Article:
An exercise protocol that simulates the activity patterns of elite junior squash Academic Article uri icon

abstract

  • Squash is a popular racket sport that requires intermittent activity with frequent bursts of near maximal-intensity exercise. Consequently, effective physiological and thermoregulatory responses are important contributors to performance during squash match-play. Controlled field-based simulation protocols have been introduced in a growing number of sports, which allow sports scientists to investigate changes in physiology and the efficacy of various interventions in sport-specific contexts. This study aimed to develop an exercise protocol that simulates the physiological requirements of elite squash match-play. Eight elite junior squash players (age 16.2+/-0.8 years, height 1.76+/-0.06 m, body mass 61.3+/-5.9 kg; mean+/-s) completed the following in a randomized order: (1) a squash match against a player of similar standard and (2) a squash-specific incremental exercise protocol (multistage squash test [MST]) followed by the squash simulation protocol (SSP). The multistage squash test was continued for 18.0+/-1.0 min and elicited near maximal post-MST heart rates, blood lactate concentrations and ratings of perceived exertion (198+/-9 beats.min-1, 5.7+/-1.7 mmol.l-1 and 18+/-1, respectively). The SSP was 12.2 min in length compared with mean game length during competitive matches of 10.0+/-1.6 min (P=0.27). Peak heart rates were similar during the SSP and match-play (192+/-11 and 189+/-6 beats.min-1, respectively; P=0.44). Mean exercising heart rates were similar during the SSP (180+/-8 beats.min-1) and match-play (179+/-13 beats.min-1; P=0.73). Peak blood lactate concentrations during the SSP and match-play were 3.5+/-1.5 and 2.4+/-1.2 mmol.l-1 (P=0.07), respectively. Peak ratings of perceived exertion during the SSP and match-play were similar (17+/-2 and 17+/-2, respectively; P=0.64). It was concluded that the SSP closely replicated the demands of squash match-play in elite junior squash players. Furthermore, the SSP provides coaches and scientific support staff with a controlled squash-specific exercise protocol that has potential application in the objective investigation of a range of interventions such as training programmes, nutritional supplements and strategies to maintain core body temperature.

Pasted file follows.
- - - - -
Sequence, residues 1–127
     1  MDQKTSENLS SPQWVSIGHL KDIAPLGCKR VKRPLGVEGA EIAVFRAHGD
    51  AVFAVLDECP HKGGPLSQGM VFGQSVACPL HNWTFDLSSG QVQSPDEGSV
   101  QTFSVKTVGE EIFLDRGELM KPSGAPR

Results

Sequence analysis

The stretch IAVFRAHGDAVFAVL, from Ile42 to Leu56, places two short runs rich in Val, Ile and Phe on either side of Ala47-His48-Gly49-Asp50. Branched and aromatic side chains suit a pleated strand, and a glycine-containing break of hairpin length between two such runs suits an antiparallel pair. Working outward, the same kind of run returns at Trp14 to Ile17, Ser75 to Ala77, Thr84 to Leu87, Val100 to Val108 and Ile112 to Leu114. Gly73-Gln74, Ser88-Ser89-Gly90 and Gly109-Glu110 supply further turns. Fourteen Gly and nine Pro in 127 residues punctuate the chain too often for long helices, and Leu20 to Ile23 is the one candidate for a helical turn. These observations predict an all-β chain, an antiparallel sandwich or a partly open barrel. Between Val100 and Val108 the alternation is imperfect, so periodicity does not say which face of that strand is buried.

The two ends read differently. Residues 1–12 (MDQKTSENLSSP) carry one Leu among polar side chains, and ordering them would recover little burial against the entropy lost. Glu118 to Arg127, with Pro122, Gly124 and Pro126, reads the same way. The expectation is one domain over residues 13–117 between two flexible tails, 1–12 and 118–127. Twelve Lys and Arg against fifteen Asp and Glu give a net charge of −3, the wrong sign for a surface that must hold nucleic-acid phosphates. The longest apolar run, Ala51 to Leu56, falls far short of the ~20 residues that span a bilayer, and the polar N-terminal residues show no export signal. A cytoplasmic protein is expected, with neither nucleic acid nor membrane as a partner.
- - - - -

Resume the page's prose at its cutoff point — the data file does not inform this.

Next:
authors

publication date

  • December 2006